With so many dogwoods in bloom at the moment, it is difficult to be patient for new landscape trees, like dogwoods, to grow mature enough for blooms. In our landscape, there can be various causes for delayed blooming. Just as genetics, nutrition and the environment all determine the growth of humans, so do they affect plants.
Trees started from seed take longer to bloom than those started as cuttings from older trees. The cuttings are clones so their cells are more mature and typically might bloom in two or three years. Seedlings will naturally take longer – typically 7 to 10 years. Maybe one of the parents was a late bloomer anyway, so that’s just nature’s way.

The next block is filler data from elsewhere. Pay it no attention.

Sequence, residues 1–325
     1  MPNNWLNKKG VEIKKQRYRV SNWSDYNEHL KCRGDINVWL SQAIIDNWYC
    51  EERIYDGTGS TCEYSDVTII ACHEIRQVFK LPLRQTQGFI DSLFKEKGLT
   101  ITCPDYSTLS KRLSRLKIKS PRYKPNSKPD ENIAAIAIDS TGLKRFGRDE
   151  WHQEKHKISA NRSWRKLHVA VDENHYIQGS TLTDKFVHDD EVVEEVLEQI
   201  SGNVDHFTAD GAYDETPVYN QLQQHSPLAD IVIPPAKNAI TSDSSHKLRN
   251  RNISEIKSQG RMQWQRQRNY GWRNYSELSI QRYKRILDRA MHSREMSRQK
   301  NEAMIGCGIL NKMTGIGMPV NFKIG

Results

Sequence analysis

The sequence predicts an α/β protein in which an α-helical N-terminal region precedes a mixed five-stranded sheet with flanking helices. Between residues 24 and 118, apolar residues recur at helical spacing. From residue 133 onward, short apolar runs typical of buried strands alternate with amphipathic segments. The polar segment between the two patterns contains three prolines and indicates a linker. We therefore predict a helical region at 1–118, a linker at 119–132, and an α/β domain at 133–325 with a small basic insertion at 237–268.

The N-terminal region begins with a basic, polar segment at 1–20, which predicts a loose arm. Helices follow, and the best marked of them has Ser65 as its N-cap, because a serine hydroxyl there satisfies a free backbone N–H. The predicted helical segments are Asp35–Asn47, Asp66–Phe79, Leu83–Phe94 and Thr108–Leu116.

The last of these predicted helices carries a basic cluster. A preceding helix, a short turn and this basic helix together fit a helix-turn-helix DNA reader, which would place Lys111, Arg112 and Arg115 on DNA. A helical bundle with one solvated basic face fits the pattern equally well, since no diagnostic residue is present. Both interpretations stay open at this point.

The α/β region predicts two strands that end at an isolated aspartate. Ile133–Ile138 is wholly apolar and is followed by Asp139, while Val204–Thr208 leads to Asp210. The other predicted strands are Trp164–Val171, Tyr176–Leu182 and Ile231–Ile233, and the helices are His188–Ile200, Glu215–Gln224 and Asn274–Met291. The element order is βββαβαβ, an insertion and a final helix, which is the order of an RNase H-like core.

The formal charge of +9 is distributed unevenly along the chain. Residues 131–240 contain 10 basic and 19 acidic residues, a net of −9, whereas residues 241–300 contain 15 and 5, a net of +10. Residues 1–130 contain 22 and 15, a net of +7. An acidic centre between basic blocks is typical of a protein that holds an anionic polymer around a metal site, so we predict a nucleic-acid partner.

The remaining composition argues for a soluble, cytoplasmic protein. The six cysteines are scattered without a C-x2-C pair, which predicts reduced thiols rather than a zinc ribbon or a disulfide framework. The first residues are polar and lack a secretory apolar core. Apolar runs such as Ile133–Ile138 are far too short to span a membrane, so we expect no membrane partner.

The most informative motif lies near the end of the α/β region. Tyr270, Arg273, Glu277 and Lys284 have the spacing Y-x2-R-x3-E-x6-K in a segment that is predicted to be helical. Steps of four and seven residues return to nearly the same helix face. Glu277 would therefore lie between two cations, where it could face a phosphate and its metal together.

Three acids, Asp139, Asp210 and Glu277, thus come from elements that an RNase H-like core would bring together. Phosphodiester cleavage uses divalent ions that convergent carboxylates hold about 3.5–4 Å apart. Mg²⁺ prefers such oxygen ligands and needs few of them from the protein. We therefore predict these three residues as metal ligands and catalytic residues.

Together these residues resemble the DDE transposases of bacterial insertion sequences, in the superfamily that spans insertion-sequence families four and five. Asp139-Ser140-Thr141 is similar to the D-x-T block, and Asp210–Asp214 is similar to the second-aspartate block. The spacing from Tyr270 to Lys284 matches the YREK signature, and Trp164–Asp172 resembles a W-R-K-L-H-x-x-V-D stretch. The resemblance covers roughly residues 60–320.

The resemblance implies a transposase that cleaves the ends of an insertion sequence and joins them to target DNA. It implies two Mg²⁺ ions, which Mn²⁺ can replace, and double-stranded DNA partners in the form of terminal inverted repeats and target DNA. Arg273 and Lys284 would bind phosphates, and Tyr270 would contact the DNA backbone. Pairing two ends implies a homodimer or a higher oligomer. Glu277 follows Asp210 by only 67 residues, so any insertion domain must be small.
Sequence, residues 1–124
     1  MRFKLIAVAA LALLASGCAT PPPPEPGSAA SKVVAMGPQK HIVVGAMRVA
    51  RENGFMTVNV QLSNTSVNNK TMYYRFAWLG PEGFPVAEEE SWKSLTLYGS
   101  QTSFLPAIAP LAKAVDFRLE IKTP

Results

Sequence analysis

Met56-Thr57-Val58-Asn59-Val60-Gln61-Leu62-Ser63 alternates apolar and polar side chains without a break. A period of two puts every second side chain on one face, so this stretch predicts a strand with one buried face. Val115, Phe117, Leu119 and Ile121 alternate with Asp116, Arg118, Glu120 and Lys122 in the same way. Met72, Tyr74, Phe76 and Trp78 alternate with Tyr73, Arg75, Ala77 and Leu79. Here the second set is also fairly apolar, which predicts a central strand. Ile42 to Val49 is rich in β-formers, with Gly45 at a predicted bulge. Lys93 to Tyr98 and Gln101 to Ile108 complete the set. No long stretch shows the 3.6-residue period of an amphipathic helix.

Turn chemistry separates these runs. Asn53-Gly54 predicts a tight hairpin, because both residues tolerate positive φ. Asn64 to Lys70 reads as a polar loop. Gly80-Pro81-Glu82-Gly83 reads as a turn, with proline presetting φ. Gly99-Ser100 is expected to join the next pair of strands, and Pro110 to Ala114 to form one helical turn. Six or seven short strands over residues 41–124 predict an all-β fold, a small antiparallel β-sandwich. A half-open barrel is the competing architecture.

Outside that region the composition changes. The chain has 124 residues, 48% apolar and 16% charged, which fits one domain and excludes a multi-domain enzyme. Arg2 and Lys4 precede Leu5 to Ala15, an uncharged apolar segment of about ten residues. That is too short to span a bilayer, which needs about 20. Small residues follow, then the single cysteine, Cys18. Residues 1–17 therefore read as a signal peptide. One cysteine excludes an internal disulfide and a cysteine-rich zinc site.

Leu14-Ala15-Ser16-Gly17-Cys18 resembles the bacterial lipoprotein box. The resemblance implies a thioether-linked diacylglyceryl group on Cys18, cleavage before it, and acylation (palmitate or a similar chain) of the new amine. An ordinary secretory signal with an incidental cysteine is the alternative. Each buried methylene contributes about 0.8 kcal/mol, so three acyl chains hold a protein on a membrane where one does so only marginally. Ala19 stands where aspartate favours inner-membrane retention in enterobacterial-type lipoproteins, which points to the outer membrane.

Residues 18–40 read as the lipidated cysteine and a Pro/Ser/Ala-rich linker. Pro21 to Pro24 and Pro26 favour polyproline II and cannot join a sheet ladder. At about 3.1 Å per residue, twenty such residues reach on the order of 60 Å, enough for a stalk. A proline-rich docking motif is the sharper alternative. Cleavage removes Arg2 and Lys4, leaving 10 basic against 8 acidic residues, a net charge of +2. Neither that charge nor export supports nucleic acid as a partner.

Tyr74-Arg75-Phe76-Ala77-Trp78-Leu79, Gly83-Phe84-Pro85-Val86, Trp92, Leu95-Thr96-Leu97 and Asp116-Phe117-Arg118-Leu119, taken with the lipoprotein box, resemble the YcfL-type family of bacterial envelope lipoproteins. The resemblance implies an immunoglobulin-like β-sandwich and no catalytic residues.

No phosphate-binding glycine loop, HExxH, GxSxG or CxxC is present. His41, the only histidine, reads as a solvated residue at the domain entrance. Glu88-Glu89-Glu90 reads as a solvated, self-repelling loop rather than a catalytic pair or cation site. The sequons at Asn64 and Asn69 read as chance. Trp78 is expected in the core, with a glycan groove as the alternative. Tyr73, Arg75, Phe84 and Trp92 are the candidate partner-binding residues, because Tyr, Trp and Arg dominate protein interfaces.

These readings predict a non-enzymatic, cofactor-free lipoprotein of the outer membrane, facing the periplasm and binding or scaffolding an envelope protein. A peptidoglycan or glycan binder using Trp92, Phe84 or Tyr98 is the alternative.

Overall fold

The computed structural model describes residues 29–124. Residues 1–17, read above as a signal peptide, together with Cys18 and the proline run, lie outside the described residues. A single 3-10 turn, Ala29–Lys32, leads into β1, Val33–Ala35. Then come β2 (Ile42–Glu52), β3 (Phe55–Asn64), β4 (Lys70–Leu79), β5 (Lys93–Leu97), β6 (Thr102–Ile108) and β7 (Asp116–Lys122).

To a tree, nutrition means sunshine, soil nutrients and moisture. Understory species in a forest sometimes have to wait for years before the canopy above them opens up to let in enough sunlight to spur their development. Shade can certainly be a factor. Often our open land has been repeatedly farmed or grazed in the past so perhaps the soil has been badly depleted. Low levels of phosphate, potassium, or calcium will delay flowering. Fertilization would be the ticket in this scenario. On the other hand, we can feed a tree too well.. Too much nitrogen can lead to lots of top growth and leaves but little inclination to produce flowers.
So, as you plan your landscape choose plants to match the environment that you offer. Have a soil test made and fertilize and lime accordingly.
Article written by Glenn Palmer, Extension Master Gardener Volunteer.